and rattle in one

When I did the research for my Gilded Age novels Masquerade and An Unlikely Suitor, I discovered their solution to this age-old "losing things" problem: chatelaines. These pieces of jewelry were the answer to organizing a woman's stuff.  Whatever items women deemed necessary throughout their day were simply hung from chains and clipped to their waistbands or belts.

They were very specialized. Nannies had kid-stuff at their fingertips: a nanny whistle, pacifier, and rattle.

Seamstress chatelaine
Seamstresses had scissors, needles, thimbles, and bobbins of thread at their fingertips.

Maids mights have keys, scissors . . . hmm. I can't see the details on this picture. What else might she have on her chains?

Fine ladies might have a small purse attached, perfume, mirror, and pencil. Or a watch. They were made of sterling or gold, with semi-precious stones.

As a collector of antique purses, I can vouch for the fact that purses of the day held next to nothing, and actually, the wealthy ladies had no need to carry money or keys. They rarely went out without their men, so relied on them to carry such things. Chatelaines were a nice (and pretty) way to carry around some bulkier items--and to show off some gold and stones as an accessory.

Plus, when I think about the logistics of carrying a purse, I see the advantage of the
hands-off chatelaine. With bustles and gloves and parasols . . . a lady needed her hands free to deal with her clothes, getting in and out of carriages, holding up her skirt so as not to trip on stairs, and finding a way to sit and move through a room without getting caught on a stray table or Victorian gew-gaw.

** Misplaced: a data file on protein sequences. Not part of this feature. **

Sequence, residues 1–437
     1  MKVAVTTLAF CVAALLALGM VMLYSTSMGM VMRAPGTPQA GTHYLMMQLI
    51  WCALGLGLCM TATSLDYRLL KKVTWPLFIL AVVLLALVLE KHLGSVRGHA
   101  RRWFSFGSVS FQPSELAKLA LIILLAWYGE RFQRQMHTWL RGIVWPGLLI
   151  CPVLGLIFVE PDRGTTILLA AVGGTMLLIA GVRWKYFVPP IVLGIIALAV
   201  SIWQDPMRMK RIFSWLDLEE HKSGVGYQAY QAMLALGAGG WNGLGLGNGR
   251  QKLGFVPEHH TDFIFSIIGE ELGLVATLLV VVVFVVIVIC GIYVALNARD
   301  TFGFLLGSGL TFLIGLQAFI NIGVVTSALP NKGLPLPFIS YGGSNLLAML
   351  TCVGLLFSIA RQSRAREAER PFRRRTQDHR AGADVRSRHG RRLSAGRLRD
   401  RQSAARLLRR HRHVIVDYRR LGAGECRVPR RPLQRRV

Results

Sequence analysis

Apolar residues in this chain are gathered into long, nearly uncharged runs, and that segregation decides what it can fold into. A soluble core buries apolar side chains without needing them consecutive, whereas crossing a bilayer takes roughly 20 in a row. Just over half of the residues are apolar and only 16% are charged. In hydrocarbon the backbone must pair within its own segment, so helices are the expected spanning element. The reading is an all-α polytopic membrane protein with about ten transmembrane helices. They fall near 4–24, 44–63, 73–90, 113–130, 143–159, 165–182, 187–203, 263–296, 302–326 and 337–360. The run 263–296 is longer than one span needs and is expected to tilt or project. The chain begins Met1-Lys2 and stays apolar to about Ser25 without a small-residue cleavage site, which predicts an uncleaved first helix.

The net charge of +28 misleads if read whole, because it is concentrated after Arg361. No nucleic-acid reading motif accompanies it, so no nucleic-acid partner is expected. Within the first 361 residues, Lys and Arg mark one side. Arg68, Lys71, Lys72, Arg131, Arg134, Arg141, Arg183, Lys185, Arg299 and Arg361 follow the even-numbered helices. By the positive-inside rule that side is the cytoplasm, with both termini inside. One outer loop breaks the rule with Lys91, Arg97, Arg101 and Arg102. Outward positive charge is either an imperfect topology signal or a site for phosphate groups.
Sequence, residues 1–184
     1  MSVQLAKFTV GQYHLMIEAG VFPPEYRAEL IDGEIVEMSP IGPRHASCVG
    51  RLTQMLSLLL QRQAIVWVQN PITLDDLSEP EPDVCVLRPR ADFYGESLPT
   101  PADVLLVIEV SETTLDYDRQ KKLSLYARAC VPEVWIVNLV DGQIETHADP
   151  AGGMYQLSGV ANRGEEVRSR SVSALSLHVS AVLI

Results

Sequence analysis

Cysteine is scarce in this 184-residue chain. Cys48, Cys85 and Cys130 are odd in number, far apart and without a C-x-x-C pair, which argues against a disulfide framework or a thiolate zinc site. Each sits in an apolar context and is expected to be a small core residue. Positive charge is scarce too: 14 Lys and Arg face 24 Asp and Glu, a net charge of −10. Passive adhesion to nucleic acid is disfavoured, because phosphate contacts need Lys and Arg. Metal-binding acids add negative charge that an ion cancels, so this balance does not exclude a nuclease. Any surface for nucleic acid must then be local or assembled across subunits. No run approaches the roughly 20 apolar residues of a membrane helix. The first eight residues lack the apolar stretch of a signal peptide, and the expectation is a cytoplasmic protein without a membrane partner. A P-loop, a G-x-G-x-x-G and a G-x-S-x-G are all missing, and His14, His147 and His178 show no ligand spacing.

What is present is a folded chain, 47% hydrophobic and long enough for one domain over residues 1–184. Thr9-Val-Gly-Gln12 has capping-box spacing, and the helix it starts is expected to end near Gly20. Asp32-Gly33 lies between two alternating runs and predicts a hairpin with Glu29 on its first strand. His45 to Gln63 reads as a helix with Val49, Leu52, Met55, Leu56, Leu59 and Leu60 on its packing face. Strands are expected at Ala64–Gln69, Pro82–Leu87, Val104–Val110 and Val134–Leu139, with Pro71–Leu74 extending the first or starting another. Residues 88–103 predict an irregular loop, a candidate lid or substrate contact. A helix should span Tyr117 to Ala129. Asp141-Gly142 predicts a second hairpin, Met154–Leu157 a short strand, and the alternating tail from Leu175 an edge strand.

Ah, the freedom we have in our fashion today!  But a chatelaine . . . it has real possibilities.

If you'd like to take a look at hundreds of fashion examples from the Gilded Age go to my Pinterest fashion boards:  Fashion of the 1870's  Fashion of the 1880's  Fashion of the 1890's  Accessories  Shoes of the Past  Antique Purses  Historical Undergarments  Enjoy!

Wednesday, September 24, 2014

A Romantic Stroll along a Cliff

*  A Note From Nancy  *
The Cliff Walk… doesn’t it sound like the perfect place for a romance, or a Gothic tale? That’s one reason I chose it as an integral element in An Unlikely Suitor. Walking along its 3.5 mile length with my husband conjured up images of Newport in its prime, during the last half of the 19th century…

The nice thing about nature is that the basics remain the same. And so the essence of the Cliff Walk remains much as it was so long ago. Considering Newport has been around since 1639, the original paths along the shore of Rhode Island Sound and the Atlantic were probably originally worn down by deer and the Narragansett Indians. When European settlers lived there, they would go down to the rocks to recover goods from ship wrecks.